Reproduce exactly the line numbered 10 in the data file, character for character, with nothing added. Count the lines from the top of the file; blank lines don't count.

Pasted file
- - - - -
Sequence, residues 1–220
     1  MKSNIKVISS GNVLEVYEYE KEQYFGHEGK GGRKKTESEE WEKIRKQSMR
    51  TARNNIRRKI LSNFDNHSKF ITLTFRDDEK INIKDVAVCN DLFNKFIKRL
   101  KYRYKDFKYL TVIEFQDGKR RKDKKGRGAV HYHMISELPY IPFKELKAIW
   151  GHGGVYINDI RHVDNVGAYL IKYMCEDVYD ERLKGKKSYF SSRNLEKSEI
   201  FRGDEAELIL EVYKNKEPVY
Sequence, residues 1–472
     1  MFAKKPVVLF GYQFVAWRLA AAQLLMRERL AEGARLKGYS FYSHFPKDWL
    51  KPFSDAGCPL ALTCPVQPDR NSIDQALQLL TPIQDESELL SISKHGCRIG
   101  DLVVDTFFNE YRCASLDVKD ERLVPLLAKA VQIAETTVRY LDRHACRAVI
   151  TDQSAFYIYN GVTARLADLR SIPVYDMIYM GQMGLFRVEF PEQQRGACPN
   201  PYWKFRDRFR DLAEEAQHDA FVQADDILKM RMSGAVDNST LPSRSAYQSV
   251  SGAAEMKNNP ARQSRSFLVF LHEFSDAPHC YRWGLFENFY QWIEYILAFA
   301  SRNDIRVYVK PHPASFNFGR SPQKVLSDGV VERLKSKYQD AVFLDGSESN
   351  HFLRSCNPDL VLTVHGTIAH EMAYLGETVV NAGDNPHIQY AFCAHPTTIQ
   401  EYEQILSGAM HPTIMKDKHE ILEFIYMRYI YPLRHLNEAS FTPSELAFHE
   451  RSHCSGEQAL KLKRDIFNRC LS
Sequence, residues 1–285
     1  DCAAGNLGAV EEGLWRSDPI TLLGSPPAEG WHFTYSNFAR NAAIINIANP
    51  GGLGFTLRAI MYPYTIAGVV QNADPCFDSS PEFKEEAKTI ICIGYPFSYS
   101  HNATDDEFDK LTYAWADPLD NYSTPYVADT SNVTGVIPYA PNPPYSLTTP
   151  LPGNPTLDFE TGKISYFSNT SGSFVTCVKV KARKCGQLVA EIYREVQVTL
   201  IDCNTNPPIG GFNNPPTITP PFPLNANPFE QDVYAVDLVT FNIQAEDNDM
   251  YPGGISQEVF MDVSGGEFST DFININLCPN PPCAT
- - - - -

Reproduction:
   101  DLVVDTFFNE YRCASLDVKD ERLVPLLAKA VQIAETTVRY LDRHACRAVI